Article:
The largest prime number has been discovered — and it's 17,425,170 digits long. The new prime number crushes the last one discovered in 2008, which was a paltry 12,978,189 digits long.
The number — 2 raised to the 57,885,161 power minus 1 — was discovered by University of Central Missouri mathematician Curtis Cooper as part of a giant network of volunteer computers devoted to finding primes, similar to projects like SETI@Home, which downloads and analyzes radio telescope data in the Search for Extraterrestrial Intelligence (SETI).
*eagerly waiting to find out what exactly we are going to use this particular fruit of tons of resources invested*
I mean, surely, there must be a useful application of this finding so all the effort can pay off. It can't have been a waste of enormous amounts of time and resources, can it?
We have been given a chance to make things happen, but the instructions didn't include how to make things better.
Posted 06 February 2013 - 12:50 PM
Frank Merton, on 06 February 2013 - 12:32 PM, said:
Is there no end to it? Well, no, there isn't.
I agree. It may take some time, but eventually there will be an even higher prime number found, and then an even higher number and again even yet a higher number and even yet more still a higher number. We will only find the highest number when we stop searching.
Let's carry on looking!
You do not need to leave your room. Remain sitting at your table and listen. Do not even listen, simply wait, be quiet still and solitary. The world will freely offer itself to you to be unmasked, it has no choice, it will roll in ecstasy at your feet.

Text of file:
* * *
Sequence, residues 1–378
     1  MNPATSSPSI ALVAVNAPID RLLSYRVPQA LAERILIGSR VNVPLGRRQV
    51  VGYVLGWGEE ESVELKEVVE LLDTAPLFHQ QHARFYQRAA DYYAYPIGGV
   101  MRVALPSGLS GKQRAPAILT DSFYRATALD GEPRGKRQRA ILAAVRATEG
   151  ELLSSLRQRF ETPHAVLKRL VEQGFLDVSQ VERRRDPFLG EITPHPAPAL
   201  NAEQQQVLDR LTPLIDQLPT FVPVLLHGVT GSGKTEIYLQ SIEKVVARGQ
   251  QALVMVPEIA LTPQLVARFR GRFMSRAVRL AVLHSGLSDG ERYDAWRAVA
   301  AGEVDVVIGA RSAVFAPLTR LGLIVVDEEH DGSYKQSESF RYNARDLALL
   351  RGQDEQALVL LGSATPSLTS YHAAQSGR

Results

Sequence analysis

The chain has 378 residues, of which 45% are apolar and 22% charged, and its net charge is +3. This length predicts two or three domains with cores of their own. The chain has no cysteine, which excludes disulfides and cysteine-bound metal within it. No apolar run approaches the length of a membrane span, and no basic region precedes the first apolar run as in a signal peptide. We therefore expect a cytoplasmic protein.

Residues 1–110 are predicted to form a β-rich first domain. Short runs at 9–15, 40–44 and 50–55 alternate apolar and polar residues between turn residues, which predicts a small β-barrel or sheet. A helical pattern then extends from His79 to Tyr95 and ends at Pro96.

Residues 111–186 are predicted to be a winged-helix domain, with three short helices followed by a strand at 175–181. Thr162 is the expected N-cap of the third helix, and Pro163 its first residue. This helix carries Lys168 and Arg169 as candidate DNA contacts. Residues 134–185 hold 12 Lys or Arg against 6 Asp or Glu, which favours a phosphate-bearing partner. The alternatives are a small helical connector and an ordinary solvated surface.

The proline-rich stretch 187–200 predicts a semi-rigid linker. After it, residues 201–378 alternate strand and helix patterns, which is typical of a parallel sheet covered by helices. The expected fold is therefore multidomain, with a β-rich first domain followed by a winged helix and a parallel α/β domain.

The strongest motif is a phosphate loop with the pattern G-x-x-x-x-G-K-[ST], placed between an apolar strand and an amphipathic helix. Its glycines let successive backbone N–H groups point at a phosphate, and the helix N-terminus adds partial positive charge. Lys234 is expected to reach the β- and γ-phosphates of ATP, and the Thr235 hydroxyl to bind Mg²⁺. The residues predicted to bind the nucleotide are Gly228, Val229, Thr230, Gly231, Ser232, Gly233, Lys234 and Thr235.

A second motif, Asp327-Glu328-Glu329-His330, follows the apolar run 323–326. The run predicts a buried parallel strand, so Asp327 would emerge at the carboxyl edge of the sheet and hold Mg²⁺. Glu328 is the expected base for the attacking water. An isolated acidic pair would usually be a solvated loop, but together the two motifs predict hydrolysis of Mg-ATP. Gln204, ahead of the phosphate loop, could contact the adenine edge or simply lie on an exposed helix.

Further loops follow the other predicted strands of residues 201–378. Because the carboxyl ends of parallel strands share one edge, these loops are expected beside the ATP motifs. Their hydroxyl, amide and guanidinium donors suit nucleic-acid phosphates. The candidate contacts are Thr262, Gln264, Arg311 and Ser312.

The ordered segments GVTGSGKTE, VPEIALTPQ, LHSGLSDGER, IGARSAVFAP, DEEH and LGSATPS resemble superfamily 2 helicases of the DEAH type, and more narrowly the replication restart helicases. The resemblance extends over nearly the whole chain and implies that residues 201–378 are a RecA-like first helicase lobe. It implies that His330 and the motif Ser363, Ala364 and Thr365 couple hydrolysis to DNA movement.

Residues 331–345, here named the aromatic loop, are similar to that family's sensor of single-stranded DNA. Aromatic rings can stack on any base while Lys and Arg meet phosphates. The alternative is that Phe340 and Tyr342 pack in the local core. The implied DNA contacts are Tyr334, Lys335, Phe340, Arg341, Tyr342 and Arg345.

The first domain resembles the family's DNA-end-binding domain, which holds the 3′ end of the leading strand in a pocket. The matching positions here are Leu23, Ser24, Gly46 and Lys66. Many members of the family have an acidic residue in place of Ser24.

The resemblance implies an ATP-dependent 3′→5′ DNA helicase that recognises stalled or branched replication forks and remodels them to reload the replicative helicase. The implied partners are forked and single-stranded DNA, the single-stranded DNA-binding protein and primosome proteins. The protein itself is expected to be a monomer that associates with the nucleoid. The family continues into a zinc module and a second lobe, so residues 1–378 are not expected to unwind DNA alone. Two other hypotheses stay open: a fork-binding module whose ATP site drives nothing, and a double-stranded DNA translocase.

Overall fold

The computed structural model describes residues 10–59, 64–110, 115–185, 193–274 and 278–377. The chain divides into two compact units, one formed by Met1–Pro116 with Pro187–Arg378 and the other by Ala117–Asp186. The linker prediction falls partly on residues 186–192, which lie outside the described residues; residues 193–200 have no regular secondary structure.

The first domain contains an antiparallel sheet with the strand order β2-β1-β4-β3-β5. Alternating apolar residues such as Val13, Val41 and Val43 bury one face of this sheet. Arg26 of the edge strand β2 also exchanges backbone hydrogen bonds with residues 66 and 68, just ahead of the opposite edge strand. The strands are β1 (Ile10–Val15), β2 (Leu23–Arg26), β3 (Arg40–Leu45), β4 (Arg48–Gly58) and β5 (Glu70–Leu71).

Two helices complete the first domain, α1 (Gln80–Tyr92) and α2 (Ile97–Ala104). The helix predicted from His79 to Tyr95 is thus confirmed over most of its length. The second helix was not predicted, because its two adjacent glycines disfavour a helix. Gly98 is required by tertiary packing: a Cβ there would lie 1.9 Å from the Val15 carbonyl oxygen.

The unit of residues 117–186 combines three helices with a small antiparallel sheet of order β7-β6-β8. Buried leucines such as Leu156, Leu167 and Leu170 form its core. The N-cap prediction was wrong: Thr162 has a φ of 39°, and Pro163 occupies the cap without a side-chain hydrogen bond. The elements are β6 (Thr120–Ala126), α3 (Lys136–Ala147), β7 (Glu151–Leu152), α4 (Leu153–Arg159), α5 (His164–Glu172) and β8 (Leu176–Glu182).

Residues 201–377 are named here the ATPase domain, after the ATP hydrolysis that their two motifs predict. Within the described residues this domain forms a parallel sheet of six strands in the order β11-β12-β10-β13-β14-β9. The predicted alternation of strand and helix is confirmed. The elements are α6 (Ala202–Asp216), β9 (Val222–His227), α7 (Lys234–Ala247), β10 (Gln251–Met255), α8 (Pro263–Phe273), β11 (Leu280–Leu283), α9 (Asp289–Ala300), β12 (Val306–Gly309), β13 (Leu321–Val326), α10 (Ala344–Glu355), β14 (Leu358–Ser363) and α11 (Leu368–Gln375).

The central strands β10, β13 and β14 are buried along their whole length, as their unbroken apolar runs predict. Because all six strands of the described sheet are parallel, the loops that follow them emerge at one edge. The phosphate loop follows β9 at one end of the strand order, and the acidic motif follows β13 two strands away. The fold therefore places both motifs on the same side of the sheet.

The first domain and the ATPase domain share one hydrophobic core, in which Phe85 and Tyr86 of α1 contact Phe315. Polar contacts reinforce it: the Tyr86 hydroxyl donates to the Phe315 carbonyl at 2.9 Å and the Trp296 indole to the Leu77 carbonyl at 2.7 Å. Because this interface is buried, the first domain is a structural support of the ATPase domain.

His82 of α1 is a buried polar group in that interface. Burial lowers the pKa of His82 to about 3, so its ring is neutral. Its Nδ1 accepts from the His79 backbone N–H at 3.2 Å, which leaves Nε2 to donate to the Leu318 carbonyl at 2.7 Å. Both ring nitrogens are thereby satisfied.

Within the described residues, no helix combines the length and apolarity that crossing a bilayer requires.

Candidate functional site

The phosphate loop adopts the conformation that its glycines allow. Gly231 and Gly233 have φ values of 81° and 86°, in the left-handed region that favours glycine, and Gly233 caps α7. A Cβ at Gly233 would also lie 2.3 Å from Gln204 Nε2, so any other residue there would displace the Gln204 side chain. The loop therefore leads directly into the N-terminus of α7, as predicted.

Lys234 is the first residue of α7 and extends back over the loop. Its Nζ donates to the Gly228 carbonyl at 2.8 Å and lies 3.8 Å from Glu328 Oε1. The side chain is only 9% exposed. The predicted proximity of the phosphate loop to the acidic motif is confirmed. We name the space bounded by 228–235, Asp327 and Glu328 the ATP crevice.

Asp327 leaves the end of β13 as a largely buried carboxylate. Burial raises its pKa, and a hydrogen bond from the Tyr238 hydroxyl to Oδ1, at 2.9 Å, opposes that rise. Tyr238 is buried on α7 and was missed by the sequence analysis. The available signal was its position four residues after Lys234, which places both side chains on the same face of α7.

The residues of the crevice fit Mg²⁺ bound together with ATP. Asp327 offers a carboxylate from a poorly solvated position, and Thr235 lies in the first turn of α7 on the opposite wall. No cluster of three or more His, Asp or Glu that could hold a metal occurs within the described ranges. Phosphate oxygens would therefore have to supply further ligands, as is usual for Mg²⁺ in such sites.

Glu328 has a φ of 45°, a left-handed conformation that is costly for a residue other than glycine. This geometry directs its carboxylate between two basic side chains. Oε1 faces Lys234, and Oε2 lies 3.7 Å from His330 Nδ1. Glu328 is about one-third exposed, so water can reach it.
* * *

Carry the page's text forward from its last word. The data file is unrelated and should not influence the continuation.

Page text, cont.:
-- Franz Kafka
the cigarette smoking man...*cough* *cogh* blaaah *cough*
Joined:28 Jul 2005
Location:hiding in the shadow
Lurking in the shadow, smoking my cigarette...
Posted 06 February 2013 - 01:36 PM
thats a great news. Also it show the importance of volunteer network who are a solid foothold in science, not only SETI, but also LHC (large hadron collider) also benefit in some degree from this, and many other programs, ranging from quantum to ecology (type BOINC on google, download and install it and choose some science project you wish to support). A cheap way to get computer power, otherwise will cost millions in hardware, software and technicians.
Is it the largest prime number or is it the largest prime number yet found? There is a very significant difference which apparently the author of the article doesn't understand or isn't careful enough to be bothered with. Shoddy reporting at its finest.
OK - How is this relevent to anything? Universities don't have anything better to do? I realize this was done with volunteers, but something more meaningful would have been nice.
Many modern encryption algorithms (like RSA and DSA) that are used to secure computer systems and networks rely on the assumed difficulty of factoring large numbers.
Since every number can be expressed as a product of primes, testing out different algorithms to see how effective they are at finding primes (especially large primes) is a good way of making sure that these encryption schemes are still secure.
Using volunteer computer time to test out prime searching algorithms is a worthwhile task if it means ensuring that the only feasible way to hack online banking information (for example) is by stealing each person's password, rather than cracking the entire encryption framework.